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Ashwagandha Uses

Ashwagandha Uses

One of the most popular herbs of India, ashwagandha has strong rejuvenating properties. Here is a brief overview about the herb.
HolisticZine Staff
Last Updated: Jan 13, 2018
Ashwagandha (Withania somnifera) is one of those herbs that have been used by humans since time immemorial. Native to some parts of Asia, ashwagandha is also found in North America and some other regions of the world. The plant belongs to the family Solanaceae, and is usually found as a shrub with a central stem and radial branches. The flowers are small and whitish green, and the ripe fruits are dark red. The plant has tuberous roots that are long and brown. The fruits of this plant have milk coagulating properties, and are used for culinary purposes in some regions. Some people use them as a substitute for rennet, in cheese making process. However, this plant is highly popular for its medicinal purposes. Ashwagandha is an important herb that has been used in the traditional medicine of India - Ayurveda.
In Sanskrit, ashwagandha means the smell of horse, as the roots of this plant have a pungent smell. The Latin meaning of 'somnifera' is 'sleep inducing', and this indicates the sedative properties of this herb. The properties of ashwagandha have been compared to that of ginseng; and this herb is also referred to as the Indian ginseng. Even though, the stems and leaves of this plant have certain medicinal properties; the roots are widely used for therapeutic purposes. This herb is available as extracts, capsules, teas, and tinctures.
Uses and Side Effects
Like ginseng, ashwagandha is also considered an adaptogen, which relieves fatigue and trauma. It has rejuvenating properties, and is one of the most popular Ayurvedic herbs, that is used in a wide range of tonics.
  • Ashwagandha is commonly used as an energy tonic, which can help the user combat stress and fatigue.
  • This herb has sedative properties that may be beneficial for fighting insomnia. Even some other herbs are used in combination with ashwagandha, for treating sleep problems.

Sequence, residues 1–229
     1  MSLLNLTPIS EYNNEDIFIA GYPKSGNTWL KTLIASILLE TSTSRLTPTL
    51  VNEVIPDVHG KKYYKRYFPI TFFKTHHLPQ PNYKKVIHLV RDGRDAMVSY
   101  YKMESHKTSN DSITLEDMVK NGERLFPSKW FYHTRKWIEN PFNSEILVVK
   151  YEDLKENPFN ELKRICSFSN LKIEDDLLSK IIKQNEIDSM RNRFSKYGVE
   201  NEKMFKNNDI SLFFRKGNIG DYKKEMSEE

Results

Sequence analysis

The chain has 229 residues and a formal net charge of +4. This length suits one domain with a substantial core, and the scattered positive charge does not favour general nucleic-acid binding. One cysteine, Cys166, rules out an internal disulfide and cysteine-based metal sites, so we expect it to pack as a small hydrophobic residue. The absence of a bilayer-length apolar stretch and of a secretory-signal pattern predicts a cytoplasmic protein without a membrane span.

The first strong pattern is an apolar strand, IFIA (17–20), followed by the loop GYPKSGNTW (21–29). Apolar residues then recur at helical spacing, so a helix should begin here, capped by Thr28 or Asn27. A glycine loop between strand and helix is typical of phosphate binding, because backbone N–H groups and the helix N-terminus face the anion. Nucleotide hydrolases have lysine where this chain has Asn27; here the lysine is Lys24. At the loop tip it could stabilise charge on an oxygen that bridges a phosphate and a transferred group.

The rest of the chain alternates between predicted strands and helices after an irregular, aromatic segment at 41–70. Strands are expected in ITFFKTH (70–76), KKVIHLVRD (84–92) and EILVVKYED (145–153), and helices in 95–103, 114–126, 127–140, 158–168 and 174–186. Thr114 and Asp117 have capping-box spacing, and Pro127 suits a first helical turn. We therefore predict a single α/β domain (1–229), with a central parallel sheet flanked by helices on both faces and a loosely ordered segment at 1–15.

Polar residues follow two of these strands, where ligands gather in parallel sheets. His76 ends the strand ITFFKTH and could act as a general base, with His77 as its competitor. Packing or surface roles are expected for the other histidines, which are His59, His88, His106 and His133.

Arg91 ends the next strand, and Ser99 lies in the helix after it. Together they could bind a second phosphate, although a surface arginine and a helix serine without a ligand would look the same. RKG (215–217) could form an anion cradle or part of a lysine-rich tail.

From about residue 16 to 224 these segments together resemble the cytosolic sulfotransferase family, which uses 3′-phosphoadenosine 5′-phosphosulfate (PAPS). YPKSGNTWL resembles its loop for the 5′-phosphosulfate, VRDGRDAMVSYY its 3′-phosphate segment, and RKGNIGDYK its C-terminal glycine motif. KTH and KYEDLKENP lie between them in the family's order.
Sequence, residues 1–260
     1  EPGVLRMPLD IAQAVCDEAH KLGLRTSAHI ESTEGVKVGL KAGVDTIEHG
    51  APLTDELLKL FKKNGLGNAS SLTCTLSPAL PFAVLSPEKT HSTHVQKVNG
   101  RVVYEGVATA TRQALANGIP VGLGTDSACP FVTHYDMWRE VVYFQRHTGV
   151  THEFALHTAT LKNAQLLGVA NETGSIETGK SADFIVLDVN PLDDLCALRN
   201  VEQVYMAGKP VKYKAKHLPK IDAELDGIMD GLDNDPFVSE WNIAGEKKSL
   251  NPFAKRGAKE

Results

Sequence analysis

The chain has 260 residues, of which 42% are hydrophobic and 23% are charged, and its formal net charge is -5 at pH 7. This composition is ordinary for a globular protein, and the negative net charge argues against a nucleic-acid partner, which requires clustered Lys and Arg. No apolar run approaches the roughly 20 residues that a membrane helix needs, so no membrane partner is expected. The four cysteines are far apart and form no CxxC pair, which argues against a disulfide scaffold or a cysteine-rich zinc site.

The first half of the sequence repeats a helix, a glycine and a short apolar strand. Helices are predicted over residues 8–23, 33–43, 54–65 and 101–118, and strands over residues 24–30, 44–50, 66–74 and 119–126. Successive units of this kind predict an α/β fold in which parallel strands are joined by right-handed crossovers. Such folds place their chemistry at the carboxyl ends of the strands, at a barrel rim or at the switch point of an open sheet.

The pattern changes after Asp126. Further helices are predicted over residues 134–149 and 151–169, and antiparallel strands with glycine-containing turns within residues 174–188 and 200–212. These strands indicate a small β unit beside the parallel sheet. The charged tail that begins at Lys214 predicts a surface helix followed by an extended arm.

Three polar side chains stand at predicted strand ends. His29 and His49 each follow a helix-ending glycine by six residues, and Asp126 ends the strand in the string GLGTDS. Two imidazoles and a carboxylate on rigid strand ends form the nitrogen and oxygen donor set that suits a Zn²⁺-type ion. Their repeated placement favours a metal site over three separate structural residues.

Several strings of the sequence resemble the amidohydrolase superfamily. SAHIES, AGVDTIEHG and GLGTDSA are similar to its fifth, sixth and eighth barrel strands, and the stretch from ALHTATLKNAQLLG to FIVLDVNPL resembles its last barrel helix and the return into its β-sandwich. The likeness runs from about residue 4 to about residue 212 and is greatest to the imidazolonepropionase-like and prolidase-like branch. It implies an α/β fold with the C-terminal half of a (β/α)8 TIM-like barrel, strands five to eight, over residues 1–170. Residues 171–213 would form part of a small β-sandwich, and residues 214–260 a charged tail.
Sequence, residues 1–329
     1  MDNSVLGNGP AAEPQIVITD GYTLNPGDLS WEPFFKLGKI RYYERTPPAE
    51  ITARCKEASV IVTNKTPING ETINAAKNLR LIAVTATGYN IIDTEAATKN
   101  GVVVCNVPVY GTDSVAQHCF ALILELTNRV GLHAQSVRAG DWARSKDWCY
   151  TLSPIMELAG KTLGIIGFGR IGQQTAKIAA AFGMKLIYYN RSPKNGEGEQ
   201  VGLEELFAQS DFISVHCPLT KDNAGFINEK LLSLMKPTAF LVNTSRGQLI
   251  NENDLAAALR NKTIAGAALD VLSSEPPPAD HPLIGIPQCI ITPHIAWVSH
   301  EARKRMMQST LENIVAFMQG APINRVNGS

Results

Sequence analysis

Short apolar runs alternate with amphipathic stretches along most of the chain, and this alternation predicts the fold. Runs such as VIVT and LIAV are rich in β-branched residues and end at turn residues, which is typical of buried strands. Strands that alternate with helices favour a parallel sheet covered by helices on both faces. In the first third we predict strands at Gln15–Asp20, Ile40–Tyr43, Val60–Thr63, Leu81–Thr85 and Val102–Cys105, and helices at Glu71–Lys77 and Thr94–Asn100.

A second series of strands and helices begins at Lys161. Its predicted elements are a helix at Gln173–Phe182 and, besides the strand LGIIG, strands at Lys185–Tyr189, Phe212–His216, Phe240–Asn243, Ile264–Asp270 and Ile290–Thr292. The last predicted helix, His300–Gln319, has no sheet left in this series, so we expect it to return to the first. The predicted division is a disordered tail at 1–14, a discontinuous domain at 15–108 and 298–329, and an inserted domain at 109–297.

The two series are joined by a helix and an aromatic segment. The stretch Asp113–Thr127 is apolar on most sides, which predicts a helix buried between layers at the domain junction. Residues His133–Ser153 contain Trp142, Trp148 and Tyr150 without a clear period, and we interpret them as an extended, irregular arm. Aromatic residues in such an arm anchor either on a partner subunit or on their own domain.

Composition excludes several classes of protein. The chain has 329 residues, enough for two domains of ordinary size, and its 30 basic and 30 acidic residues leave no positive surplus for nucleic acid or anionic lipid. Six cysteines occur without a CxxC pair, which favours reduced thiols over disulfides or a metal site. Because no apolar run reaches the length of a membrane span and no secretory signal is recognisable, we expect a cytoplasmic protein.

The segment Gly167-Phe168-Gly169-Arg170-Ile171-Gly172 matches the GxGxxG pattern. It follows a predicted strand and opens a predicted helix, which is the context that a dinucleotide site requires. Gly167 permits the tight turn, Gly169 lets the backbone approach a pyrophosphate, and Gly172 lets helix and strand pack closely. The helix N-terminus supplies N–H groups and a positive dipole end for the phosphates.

• It is used for boosting the immune system and for providing energy and stamina; thereby reducing the chances of falling ill. This herb is often prescribed by herbal practitioners, for those with weak immune systems.
  • It is also said to increase sexual potency in men. Ashwagandha is also used to treat fertility problems in men.
  • This herb is used for treating arthritis and other inflammatory conditions. In some regions, crushed leaves (for topical application) of this plant is used for treating inflammation.
  • Some people use ashwagandha for treating intestinal parasites. It is also said to be useful for building and repairing tissues, and also for combating aging.
  • It is believed that ashwagandha can improve insulin sensitivity, and so, it is considered beneficial for diabetics. The herb may be effective in treating type 2 diabetes.
  • It has been suggested that, ashwagandha may prove useful for treating drug withdrawal, certain types of cancer (like bone and breast cancer), tuberculosis, and Parkinson's disease.
Even though, ashwagandha is said to be safe, long-term use in high doses, may cause some side effects. The most common among them are nausea, diarrhea, vomiting, and drowsiness. If taken in high doses, it may cause gastrointestinal problems, digestive problems, and flatulence. It is advisable to use ashwagandha for short periods, that too in the right dosage. This herb is not recommended for pregnant and breastfeeding women, as well as those with gastrointestinal problems. Even those with autoimmune diseases, like rheumatoid arthritis and lupus, must avoid using ashwagandha. This herb may sometimes cause drug interactions, especially with sedatives and immunosuppressants.
It will be better to consult a qualified herbal practitioner, if you want to use this herb. Follow his instructions regarding the dosage and duration of use. You may also seek the opinion of your doctor before starting this herbal treatment.
Disclaimer: This article is for informational purposes only, and should not be used as a replacement for expert advice.